And my two classes are "The United States and East Asia" and "International Migration and Human Rights", so two political classes.
Below I just copy the description of the classes.
The United States and East Asia
The United States and East Asia have had profound influences in shaping each others's history over the past two centuries. From destabilizing the Tokugawa Shogunate and Christianizing Chosen Korea in the 19th century to contemplating a competitive Chinese superpower in the 21st century, this course will explore the cultural, political, economic, and strategic relations between the United States and China, Japan, and Korea as well as the Philippines and Vietnam.
International Migration and Human Rights
Every year between 2,5 and 4 million people cross international borders without authorization. Escaping war and civil conflict, political instability, ethnic violence, environmental disaster, and poverty, they search for a new home, and a chance to work with a livable pay. They are caught between borders in a borderless world. International Migration and Human Rights is a course about their lives, the causes of their displacements, and their treatment by others. International Migration and Human Rights shifts the focus of the study of the national interest of receiving and sending states to the human rights of the migrants. It helps the students to go beyond the popular nationalist narrative advocated by the media and politicians, to conduct a critical analysis of leading migration issues of our time. Evaluating the effects of globalization on migration, the increase in the number of people in need of protection, and the border policies of the United States and other affluent nations, the course calls for a reevaluation and reform of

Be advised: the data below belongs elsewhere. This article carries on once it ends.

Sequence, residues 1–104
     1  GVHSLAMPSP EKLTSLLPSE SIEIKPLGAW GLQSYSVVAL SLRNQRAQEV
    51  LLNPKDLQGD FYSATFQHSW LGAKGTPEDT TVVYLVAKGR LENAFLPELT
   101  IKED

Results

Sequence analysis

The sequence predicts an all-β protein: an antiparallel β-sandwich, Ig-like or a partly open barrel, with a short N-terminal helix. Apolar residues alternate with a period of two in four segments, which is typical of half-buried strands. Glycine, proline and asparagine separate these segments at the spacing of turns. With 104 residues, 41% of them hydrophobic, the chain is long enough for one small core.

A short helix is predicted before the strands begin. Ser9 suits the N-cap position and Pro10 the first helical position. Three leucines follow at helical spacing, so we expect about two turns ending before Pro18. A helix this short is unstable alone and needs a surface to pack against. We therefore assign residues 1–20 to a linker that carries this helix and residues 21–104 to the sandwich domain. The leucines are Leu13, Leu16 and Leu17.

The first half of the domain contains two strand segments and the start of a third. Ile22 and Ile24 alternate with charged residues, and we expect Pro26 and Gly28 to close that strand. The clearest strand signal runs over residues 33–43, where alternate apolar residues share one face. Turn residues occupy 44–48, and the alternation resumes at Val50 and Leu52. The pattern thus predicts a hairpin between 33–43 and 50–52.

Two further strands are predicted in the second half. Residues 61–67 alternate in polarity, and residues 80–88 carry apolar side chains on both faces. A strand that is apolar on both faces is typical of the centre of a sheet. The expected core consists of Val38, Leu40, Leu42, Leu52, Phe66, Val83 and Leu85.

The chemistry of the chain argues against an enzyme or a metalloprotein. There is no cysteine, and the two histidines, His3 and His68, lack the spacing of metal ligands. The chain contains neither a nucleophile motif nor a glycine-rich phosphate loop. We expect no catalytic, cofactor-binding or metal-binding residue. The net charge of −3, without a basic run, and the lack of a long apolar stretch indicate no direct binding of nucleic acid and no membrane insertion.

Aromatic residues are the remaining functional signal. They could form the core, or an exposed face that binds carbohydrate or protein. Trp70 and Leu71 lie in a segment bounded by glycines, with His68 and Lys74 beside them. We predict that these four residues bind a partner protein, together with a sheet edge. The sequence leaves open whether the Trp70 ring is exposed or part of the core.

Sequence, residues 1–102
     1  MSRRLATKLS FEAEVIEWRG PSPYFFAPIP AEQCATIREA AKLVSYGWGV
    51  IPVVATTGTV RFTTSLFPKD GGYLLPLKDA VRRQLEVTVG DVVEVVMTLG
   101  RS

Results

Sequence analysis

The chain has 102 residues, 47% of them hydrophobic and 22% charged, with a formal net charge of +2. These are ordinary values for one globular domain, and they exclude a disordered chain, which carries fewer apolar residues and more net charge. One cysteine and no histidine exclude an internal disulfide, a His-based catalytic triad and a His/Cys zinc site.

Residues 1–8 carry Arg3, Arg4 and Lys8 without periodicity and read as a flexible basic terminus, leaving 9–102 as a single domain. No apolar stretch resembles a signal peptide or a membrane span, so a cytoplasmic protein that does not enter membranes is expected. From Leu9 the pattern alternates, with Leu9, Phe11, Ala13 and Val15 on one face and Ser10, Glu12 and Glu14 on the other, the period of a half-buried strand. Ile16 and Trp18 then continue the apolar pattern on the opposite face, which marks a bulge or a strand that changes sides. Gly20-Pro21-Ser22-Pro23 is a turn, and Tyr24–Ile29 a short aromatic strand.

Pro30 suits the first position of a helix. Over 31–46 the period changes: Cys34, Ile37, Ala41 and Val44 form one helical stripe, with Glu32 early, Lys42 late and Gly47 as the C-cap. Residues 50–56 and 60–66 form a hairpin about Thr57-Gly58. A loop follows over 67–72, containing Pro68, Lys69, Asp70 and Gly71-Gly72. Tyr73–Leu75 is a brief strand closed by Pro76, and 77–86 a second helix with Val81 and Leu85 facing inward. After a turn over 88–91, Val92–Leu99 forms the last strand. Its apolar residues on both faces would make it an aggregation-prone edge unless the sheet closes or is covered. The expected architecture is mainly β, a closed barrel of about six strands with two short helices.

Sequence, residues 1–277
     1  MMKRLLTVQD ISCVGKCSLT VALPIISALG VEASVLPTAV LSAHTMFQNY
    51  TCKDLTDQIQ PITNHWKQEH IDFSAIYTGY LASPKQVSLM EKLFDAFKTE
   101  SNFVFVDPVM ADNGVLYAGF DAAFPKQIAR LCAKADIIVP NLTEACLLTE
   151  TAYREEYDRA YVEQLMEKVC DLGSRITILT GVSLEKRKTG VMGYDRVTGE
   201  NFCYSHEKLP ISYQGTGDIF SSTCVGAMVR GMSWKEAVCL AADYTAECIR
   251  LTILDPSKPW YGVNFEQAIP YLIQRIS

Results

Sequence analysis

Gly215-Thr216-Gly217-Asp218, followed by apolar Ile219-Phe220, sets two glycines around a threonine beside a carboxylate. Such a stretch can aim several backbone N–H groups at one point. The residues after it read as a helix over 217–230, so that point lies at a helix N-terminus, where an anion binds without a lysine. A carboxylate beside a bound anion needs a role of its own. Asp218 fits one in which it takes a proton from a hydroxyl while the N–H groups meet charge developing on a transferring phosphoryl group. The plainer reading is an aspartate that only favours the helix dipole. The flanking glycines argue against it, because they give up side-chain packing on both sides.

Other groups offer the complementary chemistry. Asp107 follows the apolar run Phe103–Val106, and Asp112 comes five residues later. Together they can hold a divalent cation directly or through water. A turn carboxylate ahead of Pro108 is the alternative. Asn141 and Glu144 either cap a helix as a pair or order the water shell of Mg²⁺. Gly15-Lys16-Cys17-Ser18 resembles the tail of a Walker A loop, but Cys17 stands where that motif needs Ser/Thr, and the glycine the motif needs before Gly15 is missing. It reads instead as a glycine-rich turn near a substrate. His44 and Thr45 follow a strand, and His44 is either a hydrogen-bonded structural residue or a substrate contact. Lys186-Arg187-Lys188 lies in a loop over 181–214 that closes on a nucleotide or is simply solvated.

the existing international refugee and migration regimes.